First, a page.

The Romantic tradition in wax cylinders and 78 RPM records: Hamlet historically inspired
In Dr. Miracle’s last illusion, OPERA2DAY’s most recent production, the musicians played remarkably freely. This was not a whim; it was deliberated. Conductor Hernán Schvartzman and Emlyn Stam, artistic leader of the New European Ensemble, wanted to make music after the fashion of their colleagues of well over a century ago, who took more liberties than is customary now. This approach is continued in Hamlet. In order to be able to perform the music in accordance with history, Hernán and Emlyn studied old recordings.
For decades musicians have been researching the historical way of performing music until 1800, but of necessity they have to base themselves on written sources such as teaching methods and composers’ notes. As these sources sometimes contradict themselves, it is never certain what the music sounded like at the time. This is why baroque musicians day-dream about time-travelling to, for instance, Leipzig to be present at the Matthäus-Passion conducted by Bach in person. From 1900 the first sound recording media became available, presenting singers and musicians that actually worked with the great 19th-century composers.
The wax cylinders and later on the 78 rpm records give a good insight into the way music was played in those days. The window on the romantic way of performing was opened wide. The limited use made of this opportunity in our days is rather remarkable. A small group of musicologists is researching performance practices and only a few performing musicians try to translate it into practice. The approach by the New European Ensemble and OPERA2DAY is truly trail-blazing, with Hamlet as the first pièce de résistance.
What is the difference with the sound of the historic audio records? Emlyn: “What you hear when you play them contravenes our present-day views on how classical music should be performed. In those days the musicians played arpeggios, broken chords, and made phrases that were vertically aligned in the score sound unevenly in order to emphasise the different layers in the pieces. Thus the music is enriched, whereas today this is considered unprofessional.” Hernán: “Nowadays everything has to sound exactly evenly and transparent, unlike in the past, even in the 18th century. In his teaching method on violin playing, Leopold Mozart writes for example that when a virtuoso increases or eases the tempo an accompanist should continue in the basic tempo and should not follow the soloist in his fluctuations. Otherwise, the virtuoso is begrudged his artistic licence and treated as an amateur.”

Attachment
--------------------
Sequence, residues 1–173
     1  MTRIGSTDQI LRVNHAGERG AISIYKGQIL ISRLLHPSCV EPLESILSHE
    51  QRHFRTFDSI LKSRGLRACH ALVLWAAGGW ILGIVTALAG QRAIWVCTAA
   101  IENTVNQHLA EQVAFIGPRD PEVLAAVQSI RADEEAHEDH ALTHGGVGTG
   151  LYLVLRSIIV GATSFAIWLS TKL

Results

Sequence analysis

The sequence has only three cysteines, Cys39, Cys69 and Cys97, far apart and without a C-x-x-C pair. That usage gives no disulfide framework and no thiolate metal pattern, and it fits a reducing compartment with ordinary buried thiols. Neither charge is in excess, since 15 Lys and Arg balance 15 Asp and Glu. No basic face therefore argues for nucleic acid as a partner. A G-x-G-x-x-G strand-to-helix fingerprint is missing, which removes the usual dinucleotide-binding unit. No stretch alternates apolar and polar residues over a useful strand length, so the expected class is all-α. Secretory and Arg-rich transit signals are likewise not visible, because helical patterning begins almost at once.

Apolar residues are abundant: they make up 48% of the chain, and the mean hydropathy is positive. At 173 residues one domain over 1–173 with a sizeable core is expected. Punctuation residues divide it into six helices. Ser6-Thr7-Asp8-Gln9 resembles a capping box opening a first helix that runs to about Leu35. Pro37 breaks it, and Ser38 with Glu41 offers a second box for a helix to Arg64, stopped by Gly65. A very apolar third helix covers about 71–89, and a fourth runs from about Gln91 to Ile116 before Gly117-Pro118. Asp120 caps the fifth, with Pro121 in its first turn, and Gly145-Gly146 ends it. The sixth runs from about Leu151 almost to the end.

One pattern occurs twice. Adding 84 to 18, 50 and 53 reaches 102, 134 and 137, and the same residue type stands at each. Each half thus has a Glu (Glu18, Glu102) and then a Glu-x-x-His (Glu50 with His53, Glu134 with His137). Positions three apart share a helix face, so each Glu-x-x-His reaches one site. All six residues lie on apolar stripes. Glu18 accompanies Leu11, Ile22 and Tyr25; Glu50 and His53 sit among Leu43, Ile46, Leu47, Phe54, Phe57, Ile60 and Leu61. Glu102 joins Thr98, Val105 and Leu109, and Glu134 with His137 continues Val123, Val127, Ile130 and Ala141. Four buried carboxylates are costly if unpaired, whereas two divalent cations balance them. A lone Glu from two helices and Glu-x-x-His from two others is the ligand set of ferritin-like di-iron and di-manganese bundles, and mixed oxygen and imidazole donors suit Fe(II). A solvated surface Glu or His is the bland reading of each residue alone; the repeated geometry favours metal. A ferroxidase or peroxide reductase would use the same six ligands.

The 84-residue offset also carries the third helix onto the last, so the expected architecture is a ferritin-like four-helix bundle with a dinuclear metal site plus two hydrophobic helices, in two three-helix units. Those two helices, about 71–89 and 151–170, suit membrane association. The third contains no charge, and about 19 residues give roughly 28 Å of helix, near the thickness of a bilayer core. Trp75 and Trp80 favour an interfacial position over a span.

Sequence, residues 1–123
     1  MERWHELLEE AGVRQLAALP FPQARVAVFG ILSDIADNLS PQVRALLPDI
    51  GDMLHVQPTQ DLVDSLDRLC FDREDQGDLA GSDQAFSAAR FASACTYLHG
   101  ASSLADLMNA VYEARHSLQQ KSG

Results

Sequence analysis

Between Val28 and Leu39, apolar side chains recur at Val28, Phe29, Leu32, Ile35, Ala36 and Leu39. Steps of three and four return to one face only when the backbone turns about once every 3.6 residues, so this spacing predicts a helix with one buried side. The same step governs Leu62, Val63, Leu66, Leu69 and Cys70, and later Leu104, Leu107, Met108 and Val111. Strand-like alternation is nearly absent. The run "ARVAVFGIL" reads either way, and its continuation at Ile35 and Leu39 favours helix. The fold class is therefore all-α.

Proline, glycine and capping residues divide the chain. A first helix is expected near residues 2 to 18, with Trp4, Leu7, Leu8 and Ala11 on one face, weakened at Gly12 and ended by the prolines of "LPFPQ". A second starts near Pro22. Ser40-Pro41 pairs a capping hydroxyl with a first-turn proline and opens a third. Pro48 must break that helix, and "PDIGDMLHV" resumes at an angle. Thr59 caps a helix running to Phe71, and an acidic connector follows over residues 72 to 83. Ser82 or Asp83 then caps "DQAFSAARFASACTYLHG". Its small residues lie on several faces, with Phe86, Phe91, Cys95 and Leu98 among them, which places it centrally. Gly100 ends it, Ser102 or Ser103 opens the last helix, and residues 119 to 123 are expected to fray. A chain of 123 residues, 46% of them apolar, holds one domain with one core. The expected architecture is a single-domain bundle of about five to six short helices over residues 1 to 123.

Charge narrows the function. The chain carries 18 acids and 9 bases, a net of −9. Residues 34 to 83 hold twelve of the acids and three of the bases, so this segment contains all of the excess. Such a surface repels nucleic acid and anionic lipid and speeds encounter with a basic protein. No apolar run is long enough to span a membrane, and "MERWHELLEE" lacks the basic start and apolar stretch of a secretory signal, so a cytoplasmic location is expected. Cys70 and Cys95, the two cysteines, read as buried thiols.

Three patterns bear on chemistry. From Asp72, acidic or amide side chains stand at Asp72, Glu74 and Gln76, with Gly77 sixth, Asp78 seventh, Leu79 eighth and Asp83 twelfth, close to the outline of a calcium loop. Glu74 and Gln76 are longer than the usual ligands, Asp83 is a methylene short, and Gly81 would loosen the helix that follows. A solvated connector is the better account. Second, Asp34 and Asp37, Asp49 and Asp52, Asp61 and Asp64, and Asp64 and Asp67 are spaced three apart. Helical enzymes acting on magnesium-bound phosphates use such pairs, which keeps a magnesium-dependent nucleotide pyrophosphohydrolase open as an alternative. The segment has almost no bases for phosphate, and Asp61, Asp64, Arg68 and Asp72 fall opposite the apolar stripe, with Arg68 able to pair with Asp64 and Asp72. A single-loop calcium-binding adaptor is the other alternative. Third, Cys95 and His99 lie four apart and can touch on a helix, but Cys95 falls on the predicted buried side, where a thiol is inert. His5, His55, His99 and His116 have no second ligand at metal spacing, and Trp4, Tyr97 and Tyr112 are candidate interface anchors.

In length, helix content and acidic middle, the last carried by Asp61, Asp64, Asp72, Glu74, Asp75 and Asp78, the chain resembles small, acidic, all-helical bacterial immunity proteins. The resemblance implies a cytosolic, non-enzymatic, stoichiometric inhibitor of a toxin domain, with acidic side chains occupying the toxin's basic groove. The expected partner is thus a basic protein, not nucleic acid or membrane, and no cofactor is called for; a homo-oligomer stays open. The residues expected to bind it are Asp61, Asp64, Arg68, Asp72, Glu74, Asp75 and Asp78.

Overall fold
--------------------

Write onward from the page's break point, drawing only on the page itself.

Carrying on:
Emlyn: “Music teachers set much store by following tradition. But they base their views on a tradition that was invented after 1950, when the ambition developed to reproduce the score’s texts as exactly as possible. The early recordings reflect the then practice of performance. The present performance practice rather reflects the standard set in the recordings.” Hernán: “In the 19th century it mattered to singers and musicians to make music in an expressive way and to find a personal style. This is confirmed by their use of portamenti, the way they now and again slide from one note to another. A violinist could be recognised immediately by his own sound. The differences between 19th-century singers were also very large, larger than in a singing competition nowadays. Indeed, when you deviate from the norm today it is difficult to win.”
The stylistic devices of those days can be copied, of course. But isn’t that at the risk of falling into outward appearances? Hernán: “It is not our intention to reconstruct Hamlet as a museum piece. We use the stylistic devices of the past because they enable us to play music more expressively. When we started with Dr. Miracle we first copied the early recordings. After we had familiarised ourselves with their style we were able to play freestyle.”
Free choice of tempo is characteristic of the romantic practice of performance. Emlyn: “In those days they looked differently at the pulse deciding the tempo. Today a pulse should be regular. A musician playing expressively may slow down for a bit but should return to the basic tempo afterwards. In the 19th century, the pulse was viewed more like the rate of a heartbeat. Like a heartbeat the pulse could accelerate, which gives other expressive possibilities than just slowing down now and then. A flexible pulse enables the creation of a new world of emotions in music. When the music is played very regularly, such an opera will sound like a historical treat, like a Sacher-Torte. The drama will be lost.”
Hernán: “The singers differ in their reaction to our new approach. Some of them embrace it while others are stubborn because it unsettles much of what they have learned. Eventually most of them are persuaded. When playing you are no longer focused on avoiding mistakes but on something positive: giving your best. Several singers told us: “This is how I sang with enthusiasm before I started taking lessons.”